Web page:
Icelandic: Uses of Þá

Discussion in 'Nordic Languages' started by ShakeyX, Jul 7, 2013.

  1. ShakeyX Senior Member

    British English
    Was wondering if anyone would want to quickly bullet point the uses of "þá"

    The one i'm having particular trouble with at the moment is in this sentence.

    (Simpsons again, bart just pimped out his bike...)

    Þá er að kveikja á hljóðgervlinum.

    What is the subject? What does Þá add to the sentence?
  2. ShakeyX Senior Member

    British English
    The actual english translation in the episode is "Now to turn on the MOTO-Minute" I think, but either way I'm looking for a more literal translation. Just thought this might help.
  3. Alxmrphi Senior Member

    Reykjavík, Ísland
    UK English
    Hi there,

    It's more like 'and then to.....' do something.
    When we say "and now to..." in English, it's not always right now, but, shortly after, maybe even a few seconds after.
    It's just like that in Icelandic but you say 'then' like in this example. "(And) then to turn on the synthesiser."

    There's not "really" a subject here as it's more of a sentence with an infinitive functioning as a subject, so it's not conjugated and therefore no real subject/objects.
    It's like that in "And then to <do something>" corresponding translation, difficult to identify a specific subject.
    Does that help?
  4. ShakeyX Senior Member

    British English
    Back to the other uses of þá, when I've been talking I've always used þá as a sort of... Like in English when for example someone is deciding on where to eat... and they say, oo I want chicken... and you might say. Well why don't we go nandos then?

    Is this literally translated into þá, as I have been using it as such. If so I also realised I don't actually know what the definition of THEN / ÞÁ is in this case. What is the technical reason for it being used.. it doesn't sound as if it is THEN, as in a point in time. Is this the correction usage?

    Af hverju förum við bara á Nandos þá?
  5. ShakeyX Senior Member

    British English
    "Eric Holder, dómsmálaráðherra Bandaríkjanna, hefur sent rússneskum stjórnvöldum bréf þar sem fram kemur að bandarísk stjórnvöld muni ekki fara fram á dauðarefsingu yfir uppljóstraranum Edward Snowden.

    Þá kemur fram í bréfinu, sem stílað er á Alexander Vladimirovich Konovalov, dómsmálaráðherra Rússlands, að dauðarefsingar verði ekki krafist, jafnvel þó Snowden verði ákærður fyrir fleiri brot."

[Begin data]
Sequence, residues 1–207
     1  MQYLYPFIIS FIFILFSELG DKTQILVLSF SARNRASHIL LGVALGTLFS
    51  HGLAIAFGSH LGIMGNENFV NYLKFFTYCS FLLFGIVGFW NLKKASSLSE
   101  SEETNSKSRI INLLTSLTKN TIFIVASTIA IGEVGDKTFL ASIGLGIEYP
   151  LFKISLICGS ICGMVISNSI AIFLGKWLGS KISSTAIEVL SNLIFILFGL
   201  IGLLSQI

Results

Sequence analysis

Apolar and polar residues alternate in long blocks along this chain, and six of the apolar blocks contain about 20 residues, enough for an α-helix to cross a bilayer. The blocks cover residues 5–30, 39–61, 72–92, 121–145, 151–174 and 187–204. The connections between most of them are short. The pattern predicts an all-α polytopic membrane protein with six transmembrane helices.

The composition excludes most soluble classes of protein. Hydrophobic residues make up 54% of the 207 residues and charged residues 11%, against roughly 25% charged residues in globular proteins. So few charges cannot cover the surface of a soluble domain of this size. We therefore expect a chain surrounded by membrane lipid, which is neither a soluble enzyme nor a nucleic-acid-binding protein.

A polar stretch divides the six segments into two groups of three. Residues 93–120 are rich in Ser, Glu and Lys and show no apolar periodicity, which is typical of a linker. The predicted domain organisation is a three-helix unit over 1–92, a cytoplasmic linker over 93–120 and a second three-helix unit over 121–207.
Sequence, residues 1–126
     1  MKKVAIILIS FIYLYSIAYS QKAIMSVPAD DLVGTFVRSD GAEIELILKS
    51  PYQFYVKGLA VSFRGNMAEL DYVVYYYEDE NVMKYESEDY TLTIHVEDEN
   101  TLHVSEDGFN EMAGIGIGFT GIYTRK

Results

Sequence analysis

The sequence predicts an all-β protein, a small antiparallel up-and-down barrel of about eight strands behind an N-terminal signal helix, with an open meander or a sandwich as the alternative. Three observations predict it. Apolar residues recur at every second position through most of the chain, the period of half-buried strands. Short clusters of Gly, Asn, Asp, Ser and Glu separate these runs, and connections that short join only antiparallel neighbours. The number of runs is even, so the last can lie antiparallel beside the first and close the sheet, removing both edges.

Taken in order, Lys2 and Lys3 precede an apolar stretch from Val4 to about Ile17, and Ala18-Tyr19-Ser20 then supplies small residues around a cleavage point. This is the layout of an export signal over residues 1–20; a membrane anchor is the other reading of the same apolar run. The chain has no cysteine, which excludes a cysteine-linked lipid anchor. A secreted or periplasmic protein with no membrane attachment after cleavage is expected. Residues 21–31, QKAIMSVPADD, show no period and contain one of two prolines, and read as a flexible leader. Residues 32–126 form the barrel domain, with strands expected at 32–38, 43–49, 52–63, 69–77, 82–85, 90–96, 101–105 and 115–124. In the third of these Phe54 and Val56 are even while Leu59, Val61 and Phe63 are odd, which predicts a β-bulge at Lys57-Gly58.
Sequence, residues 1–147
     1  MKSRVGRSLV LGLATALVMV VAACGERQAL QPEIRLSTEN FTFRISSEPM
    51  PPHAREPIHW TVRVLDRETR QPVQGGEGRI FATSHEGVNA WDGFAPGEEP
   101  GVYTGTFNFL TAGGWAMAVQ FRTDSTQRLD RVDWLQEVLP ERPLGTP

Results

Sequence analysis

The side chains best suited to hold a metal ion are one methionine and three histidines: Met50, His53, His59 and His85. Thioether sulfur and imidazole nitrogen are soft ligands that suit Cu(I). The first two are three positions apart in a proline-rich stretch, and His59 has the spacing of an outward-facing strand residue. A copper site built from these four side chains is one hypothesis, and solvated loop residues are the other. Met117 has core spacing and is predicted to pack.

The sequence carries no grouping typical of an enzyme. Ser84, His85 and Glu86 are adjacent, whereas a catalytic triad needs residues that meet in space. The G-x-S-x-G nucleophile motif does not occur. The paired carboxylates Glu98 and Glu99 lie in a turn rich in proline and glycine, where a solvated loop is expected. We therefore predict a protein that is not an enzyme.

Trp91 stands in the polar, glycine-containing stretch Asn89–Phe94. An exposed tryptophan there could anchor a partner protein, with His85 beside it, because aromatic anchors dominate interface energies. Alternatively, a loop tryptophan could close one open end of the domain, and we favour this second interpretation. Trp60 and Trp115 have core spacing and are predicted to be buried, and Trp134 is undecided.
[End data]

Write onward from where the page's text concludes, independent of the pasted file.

Again here, I added the whole thing for context, but I have no idea what the þá means here, I don't think it is a case of a pronoun, but rather an adverb, but I am not sure what it adds.
  6. Alxmrphi Senior Member

    Reykjavík, Ísland
    UK English
    Yep, it's an adverb.
    It's just a way to move the report on, get to the next point. Rather than listing fact after fact, put a bit of ordering into structure.
  7. Gavril Senior Member

    English, USA
    In the 1st paragraph, if I understand it correctly, it's mentioned that the US Attorney General sent a letter where it is mentioned that E.S. would not receive the death penalty. The second paragraph seems to be a repetition of this fact, with a small addition of detail ("... Even if he is indicted for further crimes.")

    I mention this because I don't know if "Þá" should be seen as introducing the *next* point in this article: paragraph 2 isn't something that follows (logically, or in temporal succession) from paragraph 1, but instead seems to be (largely) a restatement of paragraph 1 for stylistic purposes.

    In English, we could introduce a following point by saying "Also", "therefore", etc., but I don't think there is any English word or words that would normally correspond to "Þá" in the context quoted by ShakeyX -- in the English translation, there would be no word at all where "Þá" is.
  8. Alxmrphi Senior Member

    Reykjavík, Ísland
    UK English
    Well, I don't see why it doesn't work.
    The first line of a report is always to set the scene, be basic, an extension of a headline.
    The next line goes into more detail, repeats a part of the first line but qualifies it in more detail that there will be charges against him for other crimes.
    If I was to translate the news report, I wouldn't have a word in English to represent the Icelandic þá here.

    Maybe 'next' wasn't the most amazingly precise word to use for this exact context but I still stand by it and think it's true in the vast majority of cases, and in this case to a considerable extent.
  9. Gavril Senior Member

    English, USA
    Right: as I said, it's journalistic style that leads to the repetition here.

    Regardless of how it would be described in the majority of cases (you would know more about this than I would), I think that this particular case of Þá is worth noting separately, at least for English-language learners of Icelandic, because there is no English word/phrase (at least as far as I can tell now) that would translate Þá in this context: we wouldn't use a word here at all.

    In contexts where there is a more transparent logical or temporal succession (A, then B, then C, ...), English can use words such as "then", "so", "therefore", etc. to translate Þá.
    Last edited: Jul 29, 2013
  10. Alxmrphi Senior Member

    Reykjavík, Ísland
    UK English
    Yes. I think that's quite good advice actually.

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